Hustler spiel a threat to Kenya - Beaking Kenya News

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Saturday, 30 January 2021

Hustler spiel a threat to Kenya


The hustler versus dynasty narrative has had me stumped for quite some time now and I am no closer to understanding what it is all about. Could someone kindly explain why billionaires are identifying themselves as hustlers while dynasts are busy trying to sound as though they always cared for the poor?

Deputy President William Ruto seems to have crafted a “movement” that clearly resonates with a huge number of Kenyans, but whether it will prove to be a winner is less clear, given that this hustler spiel, unless managed well, may become extremely dangerous for the country. 

What is even more worrisome is that the major players in this theatre may not really give a hoot what happens to this country after they have fought using the poor as cannon fodder.

Two of them are only interested in the presidency while the third is interested in his legacy and believes the Building Bridges Initiative is the right vehicle. What is most troubling is to hear common people talk as though some kind of political and economic panacea is in the offing.

They forget that the high-pitched demagoguery they hear will not make an iota of difference to their lives.

A comparison with recent American history may appear far-fetched, but those who have been following the truncated political career of one Donald J. Trump know that for almost five years, he convinced millions of Americans that he was the long-awaited messiah who would rescue his country from being swamped by radical socialists, immigrants, uppity blacks, Latinos, Muslims, climate change activists, and, generally, the rest of the world. How he did it remains a mystery, but it seems he tapped into deeply held fears that could only find expression in outlandish supremacist attitudes.

Ugly scenes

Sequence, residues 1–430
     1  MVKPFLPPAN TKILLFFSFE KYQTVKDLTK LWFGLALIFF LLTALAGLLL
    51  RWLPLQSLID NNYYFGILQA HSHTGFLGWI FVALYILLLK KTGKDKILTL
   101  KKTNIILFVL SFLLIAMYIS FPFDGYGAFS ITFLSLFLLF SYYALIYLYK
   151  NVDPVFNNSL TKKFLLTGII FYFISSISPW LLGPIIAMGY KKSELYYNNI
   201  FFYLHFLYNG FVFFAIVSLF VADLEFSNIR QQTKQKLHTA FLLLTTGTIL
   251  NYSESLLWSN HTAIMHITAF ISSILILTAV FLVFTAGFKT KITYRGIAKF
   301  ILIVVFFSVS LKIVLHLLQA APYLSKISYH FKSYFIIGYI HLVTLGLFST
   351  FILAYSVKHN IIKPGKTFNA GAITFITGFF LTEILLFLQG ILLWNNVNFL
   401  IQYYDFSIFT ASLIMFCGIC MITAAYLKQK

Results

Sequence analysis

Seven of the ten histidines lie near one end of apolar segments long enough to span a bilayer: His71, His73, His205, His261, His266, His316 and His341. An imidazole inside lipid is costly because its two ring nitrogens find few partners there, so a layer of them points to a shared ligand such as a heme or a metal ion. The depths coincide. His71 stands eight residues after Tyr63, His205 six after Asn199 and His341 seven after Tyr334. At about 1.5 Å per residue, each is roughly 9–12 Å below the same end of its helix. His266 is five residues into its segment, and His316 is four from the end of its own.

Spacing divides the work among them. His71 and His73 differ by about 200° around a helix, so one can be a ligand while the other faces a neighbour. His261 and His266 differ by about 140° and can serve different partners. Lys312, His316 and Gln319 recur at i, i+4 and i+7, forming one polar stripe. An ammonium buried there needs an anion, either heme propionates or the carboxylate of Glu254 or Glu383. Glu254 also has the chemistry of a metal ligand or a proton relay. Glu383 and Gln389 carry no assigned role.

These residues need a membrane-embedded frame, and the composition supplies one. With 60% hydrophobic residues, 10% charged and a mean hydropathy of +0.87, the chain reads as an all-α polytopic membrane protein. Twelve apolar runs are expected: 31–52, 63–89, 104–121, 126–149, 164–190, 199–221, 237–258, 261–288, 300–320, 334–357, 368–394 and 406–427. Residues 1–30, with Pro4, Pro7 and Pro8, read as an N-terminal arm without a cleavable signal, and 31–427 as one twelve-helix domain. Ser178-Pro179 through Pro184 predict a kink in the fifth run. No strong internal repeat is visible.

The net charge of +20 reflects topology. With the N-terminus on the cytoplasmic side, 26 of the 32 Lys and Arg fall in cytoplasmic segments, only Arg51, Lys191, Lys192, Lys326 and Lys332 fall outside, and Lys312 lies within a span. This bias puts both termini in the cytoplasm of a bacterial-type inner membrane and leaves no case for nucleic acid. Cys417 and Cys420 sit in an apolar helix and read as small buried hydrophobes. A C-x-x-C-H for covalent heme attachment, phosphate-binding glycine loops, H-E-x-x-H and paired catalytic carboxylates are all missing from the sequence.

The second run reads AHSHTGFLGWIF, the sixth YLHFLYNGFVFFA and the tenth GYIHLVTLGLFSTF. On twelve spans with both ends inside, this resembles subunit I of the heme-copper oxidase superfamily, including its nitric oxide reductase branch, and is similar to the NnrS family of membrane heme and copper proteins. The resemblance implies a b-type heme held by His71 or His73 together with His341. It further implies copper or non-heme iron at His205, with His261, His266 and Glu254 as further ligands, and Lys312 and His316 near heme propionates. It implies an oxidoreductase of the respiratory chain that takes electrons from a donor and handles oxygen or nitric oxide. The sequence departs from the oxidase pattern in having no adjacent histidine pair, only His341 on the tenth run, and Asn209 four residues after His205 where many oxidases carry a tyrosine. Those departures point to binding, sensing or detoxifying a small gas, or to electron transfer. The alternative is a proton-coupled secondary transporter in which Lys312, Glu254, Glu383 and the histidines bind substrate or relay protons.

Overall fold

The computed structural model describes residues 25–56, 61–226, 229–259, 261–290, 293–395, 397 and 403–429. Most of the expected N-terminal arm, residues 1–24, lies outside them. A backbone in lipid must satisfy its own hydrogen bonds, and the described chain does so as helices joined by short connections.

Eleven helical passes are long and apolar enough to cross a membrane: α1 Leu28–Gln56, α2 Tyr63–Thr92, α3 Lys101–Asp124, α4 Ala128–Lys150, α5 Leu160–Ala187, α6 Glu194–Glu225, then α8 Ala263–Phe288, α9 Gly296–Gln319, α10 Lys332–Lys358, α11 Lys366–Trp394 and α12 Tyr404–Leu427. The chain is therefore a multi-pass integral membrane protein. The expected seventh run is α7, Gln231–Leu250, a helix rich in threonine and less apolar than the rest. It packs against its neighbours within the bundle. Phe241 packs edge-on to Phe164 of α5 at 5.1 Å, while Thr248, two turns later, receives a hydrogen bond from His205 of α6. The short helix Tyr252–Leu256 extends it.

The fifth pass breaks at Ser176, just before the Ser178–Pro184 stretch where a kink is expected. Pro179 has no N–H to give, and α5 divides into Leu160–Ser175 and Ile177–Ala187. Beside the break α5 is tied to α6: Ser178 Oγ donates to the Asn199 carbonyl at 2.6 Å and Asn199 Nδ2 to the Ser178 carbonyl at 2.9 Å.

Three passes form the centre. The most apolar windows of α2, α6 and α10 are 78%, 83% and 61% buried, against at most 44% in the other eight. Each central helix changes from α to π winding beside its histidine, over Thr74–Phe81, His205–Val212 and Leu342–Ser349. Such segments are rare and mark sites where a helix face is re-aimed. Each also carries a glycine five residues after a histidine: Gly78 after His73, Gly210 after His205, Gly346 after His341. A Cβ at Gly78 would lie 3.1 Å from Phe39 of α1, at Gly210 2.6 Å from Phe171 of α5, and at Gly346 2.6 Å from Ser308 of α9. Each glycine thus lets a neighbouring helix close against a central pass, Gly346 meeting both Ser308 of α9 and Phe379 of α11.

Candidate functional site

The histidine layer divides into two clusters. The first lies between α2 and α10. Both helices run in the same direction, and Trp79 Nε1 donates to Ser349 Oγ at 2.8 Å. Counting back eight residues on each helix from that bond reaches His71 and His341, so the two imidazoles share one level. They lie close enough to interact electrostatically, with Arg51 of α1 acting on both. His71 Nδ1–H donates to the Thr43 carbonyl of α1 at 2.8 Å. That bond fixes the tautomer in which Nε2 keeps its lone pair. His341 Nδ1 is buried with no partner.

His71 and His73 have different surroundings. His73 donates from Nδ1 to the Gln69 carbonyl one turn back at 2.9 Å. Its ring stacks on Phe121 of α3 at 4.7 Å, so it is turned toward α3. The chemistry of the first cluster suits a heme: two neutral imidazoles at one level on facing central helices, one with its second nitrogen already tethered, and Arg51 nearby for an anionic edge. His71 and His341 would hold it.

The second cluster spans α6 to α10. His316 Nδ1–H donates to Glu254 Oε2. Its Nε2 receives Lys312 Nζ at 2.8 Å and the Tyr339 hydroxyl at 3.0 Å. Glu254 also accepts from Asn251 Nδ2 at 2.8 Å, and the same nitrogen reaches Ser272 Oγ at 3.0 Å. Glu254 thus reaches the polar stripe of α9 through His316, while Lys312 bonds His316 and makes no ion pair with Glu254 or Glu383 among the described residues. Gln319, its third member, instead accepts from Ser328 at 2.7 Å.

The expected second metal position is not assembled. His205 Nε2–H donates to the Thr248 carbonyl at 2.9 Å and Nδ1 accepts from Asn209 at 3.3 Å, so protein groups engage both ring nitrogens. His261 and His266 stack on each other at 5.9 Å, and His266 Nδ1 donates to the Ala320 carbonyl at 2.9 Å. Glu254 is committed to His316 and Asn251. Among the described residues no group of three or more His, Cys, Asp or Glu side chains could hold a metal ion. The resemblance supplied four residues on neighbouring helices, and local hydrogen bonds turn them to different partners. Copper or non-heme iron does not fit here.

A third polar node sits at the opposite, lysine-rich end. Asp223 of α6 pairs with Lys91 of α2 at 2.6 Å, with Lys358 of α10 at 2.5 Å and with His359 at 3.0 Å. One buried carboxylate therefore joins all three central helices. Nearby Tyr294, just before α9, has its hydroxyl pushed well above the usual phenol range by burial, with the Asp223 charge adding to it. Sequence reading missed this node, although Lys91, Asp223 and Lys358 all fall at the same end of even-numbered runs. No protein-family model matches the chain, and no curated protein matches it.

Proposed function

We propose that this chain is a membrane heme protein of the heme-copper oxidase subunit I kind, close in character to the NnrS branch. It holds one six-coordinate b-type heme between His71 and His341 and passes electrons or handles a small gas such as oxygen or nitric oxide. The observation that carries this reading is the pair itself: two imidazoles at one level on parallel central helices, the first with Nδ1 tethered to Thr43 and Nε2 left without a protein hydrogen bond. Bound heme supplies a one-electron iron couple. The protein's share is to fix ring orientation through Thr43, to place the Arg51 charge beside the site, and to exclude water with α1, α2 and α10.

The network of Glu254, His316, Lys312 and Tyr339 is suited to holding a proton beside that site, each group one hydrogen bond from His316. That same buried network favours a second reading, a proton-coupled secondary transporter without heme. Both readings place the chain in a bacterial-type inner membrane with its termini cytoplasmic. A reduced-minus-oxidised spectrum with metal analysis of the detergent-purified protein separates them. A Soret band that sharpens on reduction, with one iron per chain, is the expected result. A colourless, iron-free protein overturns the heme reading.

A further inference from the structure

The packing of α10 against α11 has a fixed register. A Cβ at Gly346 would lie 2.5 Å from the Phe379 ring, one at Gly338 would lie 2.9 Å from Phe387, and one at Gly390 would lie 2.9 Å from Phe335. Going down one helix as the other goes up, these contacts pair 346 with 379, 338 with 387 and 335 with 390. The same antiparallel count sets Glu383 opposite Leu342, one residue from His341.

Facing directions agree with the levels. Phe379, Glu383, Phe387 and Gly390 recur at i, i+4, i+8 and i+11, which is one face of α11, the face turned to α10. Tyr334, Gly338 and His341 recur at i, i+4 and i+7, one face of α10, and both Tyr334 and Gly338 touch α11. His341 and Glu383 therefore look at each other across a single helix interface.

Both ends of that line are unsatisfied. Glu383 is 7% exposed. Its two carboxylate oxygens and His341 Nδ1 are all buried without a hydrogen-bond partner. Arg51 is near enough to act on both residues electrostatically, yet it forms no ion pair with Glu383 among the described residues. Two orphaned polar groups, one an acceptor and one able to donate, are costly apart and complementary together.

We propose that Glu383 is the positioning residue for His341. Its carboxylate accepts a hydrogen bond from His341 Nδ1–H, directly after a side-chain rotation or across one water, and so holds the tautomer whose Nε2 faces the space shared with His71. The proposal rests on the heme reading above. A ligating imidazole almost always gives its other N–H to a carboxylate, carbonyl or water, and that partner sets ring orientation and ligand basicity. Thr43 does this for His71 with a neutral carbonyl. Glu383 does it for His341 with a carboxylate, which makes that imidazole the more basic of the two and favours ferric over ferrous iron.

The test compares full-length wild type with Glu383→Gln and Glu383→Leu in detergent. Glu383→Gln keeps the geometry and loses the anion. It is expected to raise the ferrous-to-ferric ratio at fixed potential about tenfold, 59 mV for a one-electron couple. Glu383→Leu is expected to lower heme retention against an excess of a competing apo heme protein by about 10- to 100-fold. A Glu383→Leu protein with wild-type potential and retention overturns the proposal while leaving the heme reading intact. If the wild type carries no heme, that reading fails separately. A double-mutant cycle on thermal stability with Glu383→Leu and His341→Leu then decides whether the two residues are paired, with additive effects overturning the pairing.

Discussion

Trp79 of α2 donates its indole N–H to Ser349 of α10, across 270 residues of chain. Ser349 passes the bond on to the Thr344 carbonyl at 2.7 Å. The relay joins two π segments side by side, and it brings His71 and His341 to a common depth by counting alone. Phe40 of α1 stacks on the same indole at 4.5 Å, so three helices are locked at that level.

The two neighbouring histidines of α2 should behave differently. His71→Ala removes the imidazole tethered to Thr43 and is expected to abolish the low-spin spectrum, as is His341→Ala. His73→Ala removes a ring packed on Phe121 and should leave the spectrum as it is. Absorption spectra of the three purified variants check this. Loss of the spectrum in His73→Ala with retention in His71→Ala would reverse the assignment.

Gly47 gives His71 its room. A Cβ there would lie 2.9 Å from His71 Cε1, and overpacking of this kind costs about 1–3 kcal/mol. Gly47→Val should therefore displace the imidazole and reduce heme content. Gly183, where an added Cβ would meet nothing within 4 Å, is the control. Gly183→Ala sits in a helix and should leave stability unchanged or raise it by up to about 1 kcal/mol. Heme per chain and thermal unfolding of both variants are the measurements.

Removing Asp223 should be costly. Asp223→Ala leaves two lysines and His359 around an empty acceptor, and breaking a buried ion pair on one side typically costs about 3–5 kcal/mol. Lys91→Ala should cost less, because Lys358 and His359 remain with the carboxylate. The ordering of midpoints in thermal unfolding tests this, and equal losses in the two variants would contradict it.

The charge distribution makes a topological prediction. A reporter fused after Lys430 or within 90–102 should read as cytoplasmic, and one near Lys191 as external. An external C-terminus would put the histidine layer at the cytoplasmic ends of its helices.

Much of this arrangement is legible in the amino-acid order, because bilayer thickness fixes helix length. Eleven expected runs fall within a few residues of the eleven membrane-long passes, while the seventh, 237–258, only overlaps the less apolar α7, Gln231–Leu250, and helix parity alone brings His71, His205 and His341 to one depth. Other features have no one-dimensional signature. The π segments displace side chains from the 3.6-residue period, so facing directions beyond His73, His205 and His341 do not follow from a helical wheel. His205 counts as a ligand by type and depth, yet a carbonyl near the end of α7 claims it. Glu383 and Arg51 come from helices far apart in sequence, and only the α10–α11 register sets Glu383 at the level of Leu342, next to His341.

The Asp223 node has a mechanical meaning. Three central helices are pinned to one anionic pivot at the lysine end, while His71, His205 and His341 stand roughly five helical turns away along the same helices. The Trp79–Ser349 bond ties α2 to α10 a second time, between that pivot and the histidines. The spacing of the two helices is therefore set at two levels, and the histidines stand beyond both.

Now that he is no longer president, it is emerging that he accomplished very little of what he set out to do. Certainly, the very poor in the US did not fare any better, though the very rich got handsome tax-breaks. Yet, when it came to Mr Trump’s attempt to overturn an election he clearly lost, it is the poor and middle class extremists he turned to. None of the Trump billionaires were at Capitol Hill with the mob that tried to lynch lawmakers. Most retreated to their comfort zones to watch the developments on TV.

For us here in Kenya, there is a real danger of the already dispossessed being led by the nose by wily politicians through sound-bytes that do not address our real problem—the yawning gap between the very rich and the destitute. Nobody has come up with a strategy on how to address this inequity and, seemingly, very few of the “hustlers” really care.

It is not enough to talk of ousting the dynasties; people want to know what is being planned for them so they can escape the execrable squalor that seems to be their lot.

If the ugly scenes witnessed in Githurai on Wednesday when ODM leader Raila Odinga toured the area are a harbinger of things to come, then next year’s campaign period will not be pretty. Poor people will again be used by politicians to fight each other through fiery speeches meant to advance individual career progression.

The hired thugs pelting Mr Odinga’s motorcade did not have a sensible reason, and the loudmouth politicians inciting them were just practising primitive politics. Had there been a real confrontation, they would have been nowhere in sight.

Class warfare

The gap between rich and poor is neither confined to this country nor to any period in history or to any ideology. All over the world, there are those who create wealth legitimately, those who steal, and those who remain poor all their lives.

Believe me, the so-called hustlers are hardly interested in making anyone wealthy like themselves. At the same time, it is cheeky of those preaching BBI to dismiss the hustler narrative as a hoax. It may well be, but what else is on offer at a time when many Kenyans believe their rulers are to blame for their economic distress?

As the philosopher Aristotle observed, poverty is the parent of revolution. So when people who hop all over the country in pricey choppers go around glorifying poverty and blaming their erstwhile comrades-in-arms for it, they are unwittingly sowing the seeds of their own destruction, for when you launch class warfare, it will, in due course, consume you as well. History is awash with accounts of revolutions eating their own children, and what the “Hustler Nation” leaders are doing is to foment a revolution.

Maybe, in due course, it may be necessary to seek a lasting solution to a problem that wiser heads have grappled with for centuries. To quote another philosopher, Jean-Jacques Rousseau, “…governments should actively intervene in the economy to abolish poverty and prevent the accrual of too much wealth in the hands of too few men”.

Today, this may sound simplistic, but certainly, our brand of capitalism “without a heart” is not working, so maybe it is time to explore some kind of State intervention.

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